The researchers also considered the genetic makeup of melanoma tumors to understand which melanomas might carry increased amounts of PHIP. Recent studies have centered on the role of other genes in melanoma, particularly, the gene known as BRAF. BRAF is mutated in about 50 percent of melanomas. An inhibitor of mutated BRAF prolonged the survival of patients with metastatic melanoma, and was approved by the U.S. Food and Drug Administration in 2011. However, the genes that are responsible for the metastasis of melanomas without this mutation are unknown, and few effective therapies exist for patients whose melanomas do not have a BRAF mutation.

In this study, high PHIP levels were specifically found in melanomas without a    mutation in BRAF. In fact, many melanomas with high levels of PHIP also lacked mutations in two other important genes called NRAS and PTEN. Therefore, PHIP may be responsible for the aggressive behavior of "triple-negative" melanomas that do not have these common gene mutations, researchers say.

The finding is significant because researchers hope that future therapies for patients with melanoma and other cancers can be developed by targeting a gene such as PHIP that promotes spread of the tumor.

Next steps include confirming that PHIP is a marker for melanomas in human tissue specimens from other institutions and other countries, Kashani–Sabet said. He also plans to study other cancers where PHIP may play an important role.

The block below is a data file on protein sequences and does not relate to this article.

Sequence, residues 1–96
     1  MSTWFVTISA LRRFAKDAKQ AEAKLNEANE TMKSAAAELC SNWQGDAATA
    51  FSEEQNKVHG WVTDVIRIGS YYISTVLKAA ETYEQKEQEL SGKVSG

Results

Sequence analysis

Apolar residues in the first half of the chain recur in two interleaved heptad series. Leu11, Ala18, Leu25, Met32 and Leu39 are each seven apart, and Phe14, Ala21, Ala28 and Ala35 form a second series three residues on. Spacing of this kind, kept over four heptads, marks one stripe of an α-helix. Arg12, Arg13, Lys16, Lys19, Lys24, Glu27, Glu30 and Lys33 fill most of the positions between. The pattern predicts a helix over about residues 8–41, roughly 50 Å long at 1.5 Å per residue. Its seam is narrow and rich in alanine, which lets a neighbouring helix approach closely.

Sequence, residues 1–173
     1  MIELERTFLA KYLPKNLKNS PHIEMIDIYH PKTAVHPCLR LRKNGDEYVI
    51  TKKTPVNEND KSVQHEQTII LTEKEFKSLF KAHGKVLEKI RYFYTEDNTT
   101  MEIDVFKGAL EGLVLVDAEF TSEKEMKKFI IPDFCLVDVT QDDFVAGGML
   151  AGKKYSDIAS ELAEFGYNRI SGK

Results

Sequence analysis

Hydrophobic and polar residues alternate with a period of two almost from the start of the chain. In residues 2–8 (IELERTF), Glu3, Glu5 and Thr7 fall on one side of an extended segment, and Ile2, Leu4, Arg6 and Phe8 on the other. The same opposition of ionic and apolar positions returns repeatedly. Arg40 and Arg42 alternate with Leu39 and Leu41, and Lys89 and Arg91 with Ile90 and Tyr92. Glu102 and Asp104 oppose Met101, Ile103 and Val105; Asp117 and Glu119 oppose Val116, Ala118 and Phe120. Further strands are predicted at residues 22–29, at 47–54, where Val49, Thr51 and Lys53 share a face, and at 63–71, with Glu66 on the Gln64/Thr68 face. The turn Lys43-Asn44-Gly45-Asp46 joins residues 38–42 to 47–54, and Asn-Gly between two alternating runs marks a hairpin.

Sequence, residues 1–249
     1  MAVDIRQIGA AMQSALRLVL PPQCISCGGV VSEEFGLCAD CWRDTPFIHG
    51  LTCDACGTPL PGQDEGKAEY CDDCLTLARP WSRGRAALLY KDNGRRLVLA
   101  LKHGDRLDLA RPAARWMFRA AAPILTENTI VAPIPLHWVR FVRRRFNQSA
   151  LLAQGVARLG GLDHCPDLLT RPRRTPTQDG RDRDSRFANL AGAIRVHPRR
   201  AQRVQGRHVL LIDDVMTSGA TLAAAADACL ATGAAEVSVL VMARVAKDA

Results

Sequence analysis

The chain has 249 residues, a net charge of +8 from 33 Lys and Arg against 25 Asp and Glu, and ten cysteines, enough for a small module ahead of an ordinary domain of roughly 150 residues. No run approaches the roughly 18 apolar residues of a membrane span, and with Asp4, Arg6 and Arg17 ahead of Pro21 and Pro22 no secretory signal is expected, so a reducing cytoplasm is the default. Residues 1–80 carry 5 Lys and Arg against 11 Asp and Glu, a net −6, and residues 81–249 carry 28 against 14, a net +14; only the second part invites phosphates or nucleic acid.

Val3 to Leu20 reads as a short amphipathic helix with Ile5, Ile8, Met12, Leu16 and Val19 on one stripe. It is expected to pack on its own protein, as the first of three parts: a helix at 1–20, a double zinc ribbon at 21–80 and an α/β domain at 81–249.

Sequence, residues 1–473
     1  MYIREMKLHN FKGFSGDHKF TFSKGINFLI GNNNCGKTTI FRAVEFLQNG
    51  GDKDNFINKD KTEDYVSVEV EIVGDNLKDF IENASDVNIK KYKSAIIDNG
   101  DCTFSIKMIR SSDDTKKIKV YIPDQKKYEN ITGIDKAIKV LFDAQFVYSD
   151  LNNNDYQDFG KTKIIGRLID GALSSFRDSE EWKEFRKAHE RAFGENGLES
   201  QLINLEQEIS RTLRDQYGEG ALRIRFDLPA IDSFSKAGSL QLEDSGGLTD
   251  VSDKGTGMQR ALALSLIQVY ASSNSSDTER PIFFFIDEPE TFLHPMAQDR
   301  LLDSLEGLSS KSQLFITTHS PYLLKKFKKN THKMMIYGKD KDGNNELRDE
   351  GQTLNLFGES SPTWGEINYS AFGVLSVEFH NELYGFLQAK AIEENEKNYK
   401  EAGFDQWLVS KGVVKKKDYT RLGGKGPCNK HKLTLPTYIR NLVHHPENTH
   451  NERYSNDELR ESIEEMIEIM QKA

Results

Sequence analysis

California Pacific Medical Center. Hands-on Healing.
At San Francisco’s California Pacific Medical Center we deliver personal, hands-on care to every single patient, every single day. As one of California’s largest private, community-based, not-for-profit, teaching medical centers, we research the most up-to-date treatments, hire the most qualified individuals, and practice the most modern, innovative medicine available. We deliver the highest quality expert care, with kindness and compassion, in acute, post-acute and outpatient services, as well as preventive and complementary medicine. We also provide disease counseling, family support and wellness treatments. Throughout the entire organization, every member of the CPMC team is committed to giving our patients the individual, hands-on attention they deserve. Every hand plays a part, and every hand has the power to change a life. www.cpmc.org

About Sutter Pacific Medical Foundation
Sutter Pacific Medical Foundation is a group of 240+ doctors who offer primary, specialty and complex medical care.  Our physicians in San Francisco, Marin, Sonoma, Lake and Del Norte counties combine the latest in medical technology with personalized care.  As part of the Sutter Health not-for-profit network, Sutter Pacific doctors are affiliated with some of the most respected hospitals in the region and provide care in local communities. For more information or to find a doctor near you, visit www.sutterpacific.org or call 1-888-699-DOCS (3627).

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Source:Sutter Pacific Medical Foundation
Country:United States
Industry:Health
Tags:Sutter Pacific Medical Foundation, Research, Mohammed Kashani-Sabet, m d, melanoma, California Pacific Medical Center